November 18, 1987

The report of the congressional committee investigating the Iran-contra affair confirms the information contained in the Tower board report and summarizes testimony that we all watched on television this summer. As shown by this report, the President did not know of the diversion of funds. When he found out, he acted immediately to begin the many investigations that have looked into this matter.

The President has cooperated every step of the way, providing hundreds of thousands of pages of documents to the committee, to the Independent Counsel, and to the Tower board. As these investigations have unfolded, the President made it clear that he accepts responsibility and understands that mistakes were made in the conduct of these policies. On March 4, following the Tower board report, the President said: ``What began as a strategic opening to Iran deteriorated in its implementation into trading arms for hostages. This runs counter to my own beliefs, to administration policy, and to the original strategy we had in mind. There are reasons why it happened, but no excuses. It was a mistake.'' On August 12, after the televised hearings had concluded, the President told the Nation: ``I let my preoccupation with the hostages intrude into areas where it didn't belong. The image -- the reality -- of Americans in chains, deprived of their freedom and families so far from home, burdened my thoughts, and this was a mistake.''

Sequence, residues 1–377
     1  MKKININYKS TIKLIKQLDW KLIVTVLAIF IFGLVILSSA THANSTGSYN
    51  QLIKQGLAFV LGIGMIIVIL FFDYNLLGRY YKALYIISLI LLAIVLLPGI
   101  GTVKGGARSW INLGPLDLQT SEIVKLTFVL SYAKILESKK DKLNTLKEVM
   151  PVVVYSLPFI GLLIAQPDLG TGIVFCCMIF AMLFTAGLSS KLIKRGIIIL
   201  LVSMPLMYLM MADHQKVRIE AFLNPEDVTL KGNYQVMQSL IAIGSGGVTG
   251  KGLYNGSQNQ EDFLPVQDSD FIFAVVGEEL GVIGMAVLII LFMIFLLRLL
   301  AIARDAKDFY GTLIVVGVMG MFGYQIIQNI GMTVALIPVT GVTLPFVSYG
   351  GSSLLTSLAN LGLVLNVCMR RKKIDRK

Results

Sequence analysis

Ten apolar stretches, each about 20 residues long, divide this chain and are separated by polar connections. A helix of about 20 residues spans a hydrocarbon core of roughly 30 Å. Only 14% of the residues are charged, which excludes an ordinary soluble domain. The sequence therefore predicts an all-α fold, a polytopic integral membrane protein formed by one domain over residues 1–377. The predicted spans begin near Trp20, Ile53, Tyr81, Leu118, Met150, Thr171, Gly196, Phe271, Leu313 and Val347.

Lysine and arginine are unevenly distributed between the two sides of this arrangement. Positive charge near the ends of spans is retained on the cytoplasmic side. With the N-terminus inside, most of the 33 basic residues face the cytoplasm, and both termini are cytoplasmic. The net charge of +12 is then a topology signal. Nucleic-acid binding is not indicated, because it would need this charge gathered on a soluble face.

Also in the process of these investigations, the President began to make the orderly changes in government that would prevent these kinds of instances from happening again. He brought in a new team at the National Security Council, headed by Frank Carlucci, to make those changes. The President instituted new recording procedures. He created a new post of an NSC legal adviser to ensure greater sensitivity to the matters of law. He recommended that a congressional joint committee on intelligence be formed to oversee the intelligence community. He reached an agreement with existing congressional intelligence committees on the sharing of information. He revised the operations of the NSC to strengthen the interagency processes of decisionmaking, and in general, he has even gone beyond the Tower board recommendations in changing the foreign policy decision-making process in the White House.

This new report reflects the subjective opinions in not even the unanimous judgment of the committee. There is a minority report and separate dissenting views. But the committee should be commended for its long, arduous work over the last many months. It has given the American people, through its televised hearings, direct access to the information in this case. The American people have had the opportunity to make their own judgments, and it serves no purpose for us to argue with the opinions of the committee members.

The President did not violate any laws; even the majority report does not so state. In view of the ongoing Independent Counsel investigation, we feel that it is inappropriate to make legal judgments. This report is but another step in the investigatory process. But, it does culminate the long summer of self-examination for America and for the administration, and now we are through it. We are moving on, and we trust that out of this experience has come a new wisdom about the process of governing in America.